Today, it is virtually impossible to think of any aspect of life in Ukraine not suffering the severe consequences of war. First – and most importantly – are the lost lives. This is followed by the sheer financial cost of material losses and devastation.

One of the most affected sectors is agriculture. Russia currently occupies large swathes of the country, while liberated Ukrainian territory is still heavily mined. Land subject to heavy shelling will be out of use for many years to come, potentially decades.

When farmers do tend to their harvests, there is a high probability they could be seriously wounded or killed by landmines. After harvesting, the grain then risks stagnating in ports or at the border, especially right now with Poland.

Just a few years ago, one could often hear Ukraine being talked up as an industrial and agricultural heartland, and as a world producer of grain. However, in the wake of Russia’s full-scale invasion, the situation has changed dramatically.

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According to research by the International Center for Ukrainian Victory, since Feb. 24, 2022, the state has lost at least 19% of its cultivated land. During the full-scale war, 5 million hectares of Ukrainian land has been put out of use and heavily mined.

The research states: “Currently, Ukraine is the most mined country in the world. Arable fields are filled with unexploded shells and mines. The largest areas of mined lands in the South and East include the Dnipropetrovsk, Mykolaiv, Sumy, Kharkiv, Zaporizhzhia, and Kherson regions. More than 208,000 hectares need to be surveyed in the Kherson region, almost 160,000 hectares in the Kharkiv region, and more than 85,000 hectares in the Mykolaiv region… Without surveys and demining, the use of these lands by farmers is impossible.”

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The price of harvesting in frontline areas might at best be destroyed equipment and at worst loss of life. Last year in October in the Kharkiv region, a combine harvester was blown up during harvesting, setting fire to the field. In July 2022, a farmer was blown up by a Russian mine while harvesting wheat in the Dnipro region. Within a month, others suffered the same fate in the Zaporizhzhia and Kyiv regions. These are just a few examples.

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“A total of 188,000 square kilometers of Ukrainian soil is at risk of damage and pollution due to the war. As of July 2023, 298,000 hectares of forest and 1,438,000 hectares of grass fires were recorded in the combat zone. According to preliminary estimates, 5.5 million tons of pollutants were released into the air as a result of hostilities in Ukraine,” the study says.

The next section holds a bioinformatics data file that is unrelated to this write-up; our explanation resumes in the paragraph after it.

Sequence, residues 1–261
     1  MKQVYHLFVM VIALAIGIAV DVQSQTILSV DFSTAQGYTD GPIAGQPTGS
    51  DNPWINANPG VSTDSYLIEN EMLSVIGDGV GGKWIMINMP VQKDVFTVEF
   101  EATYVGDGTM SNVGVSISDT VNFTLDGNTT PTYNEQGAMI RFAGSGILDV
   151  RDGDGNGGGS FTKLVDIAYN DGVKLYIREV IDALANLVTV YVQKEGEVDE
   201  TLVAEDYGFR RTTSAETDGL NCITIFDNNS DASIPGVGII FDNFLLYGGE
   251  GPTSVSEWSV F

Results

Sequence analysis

It is also impossible not to mention the terrible man-made disaster – the explosion of the Kakhovka dam, with 550-600,000 hectares of irrigated land lost in the Kherson region. Together with the Dnipro and Zaporizhzhia regions, the losses amount to around 1.5 million hectares.

However, agrarians will continue to try to use all the land currently safe for their activities and for future harvest consumption. It might therefore seem that we can finish growing and harvesting – but it’s not that simple.

A further problem is where to store the grain. Russia has destroyed granaries with a capacity of about 10 million tons. And at least $1.3 billion will need to be spent on their restoration.

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Added to the list of challenges is the export of harvested crops from Ukraine. At first, the grain was blocked along Black Sea ports for weeks as Russia disrupted the grain corridors with its provocations. Now it’s standing at the border with Poland, with Polish farmers blocking transportation.

Ukrainian drivers have already died in kilometer-long queues, and on Feb. 11, an incident occurred that upset many Ukrainians population. Polish farmers opened three trucks and emptied out the grain – about three tons from each.

The protest in Poland was reportedly organized by the representative of the pro-Russian party Rafal Mekler, which once again shows that all the problems currently associated with Ukrainian grain have been brought on by the actions of the enemy.

Despite the many numbers in this article, as long as a large part of Ukrainian territory remains occupied and the enemy continues to strike, it is impossible to accurately calculate the losses for Ukraine’s agricultural sector. It is also impossible to guess just how much longer all this will last.

The views expressed are the author’s and not necessarily of Kyiv Post.

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Comments ( 1)

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John
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What a needless mess. Instigated by a russian psychopath...sadly propagated by an insufficient physical rebuttal from Ukraine's dithering fellow democracies. There had better not be an allied funded "Marshal Plan" to pull Russia out of its coming economic cesspool ....as was willingly dug by their elected leader putin. Only Ukraine is deserving of any future economic support.

If even possible now (given extent of damage) Russia the instigator must bear the full cost.

Ukraine must be given russian assets to the point they are economically and infrastructure wise made whole. I feel heartless even saying that, as it seems to discount the greater interim theft of time (all surviving citizens) and permanent loss of life (murdered) Ukrainians have again suffered at putin's greedy whim. I do not know how to price this loss.

Whatever violent fate awaits putin's regime and supportive cronies abroad, it will never be enough to ease Ukraine's pain.

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